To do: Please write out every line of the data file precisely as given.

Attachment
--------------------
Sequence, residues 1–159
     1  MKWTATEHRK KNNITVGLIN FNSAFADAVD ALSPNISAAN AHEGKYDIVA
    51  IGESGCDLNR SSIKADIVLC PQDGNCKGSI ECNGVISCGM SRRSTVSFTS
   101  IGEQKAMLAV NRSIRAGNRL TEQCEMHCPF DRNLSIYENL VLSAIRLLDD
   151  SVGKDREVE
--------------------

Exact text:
Sequence, residues 1–159
     1  MKWTATEHRK KNNITVGLIN FNSAFADAVD ALSPNISAAN AHEGKYDIVA
    51  IGESGCDLNR SSIKADIVLC PQDGNCKGSI ECNGVISCGM SRRSTVSFTS
   101  IGEQKAMLAV NRSIRAGNRL TEQCEMHCPF DRNLSIYENL VLSAIRLLDD
   151  SVGKDREVE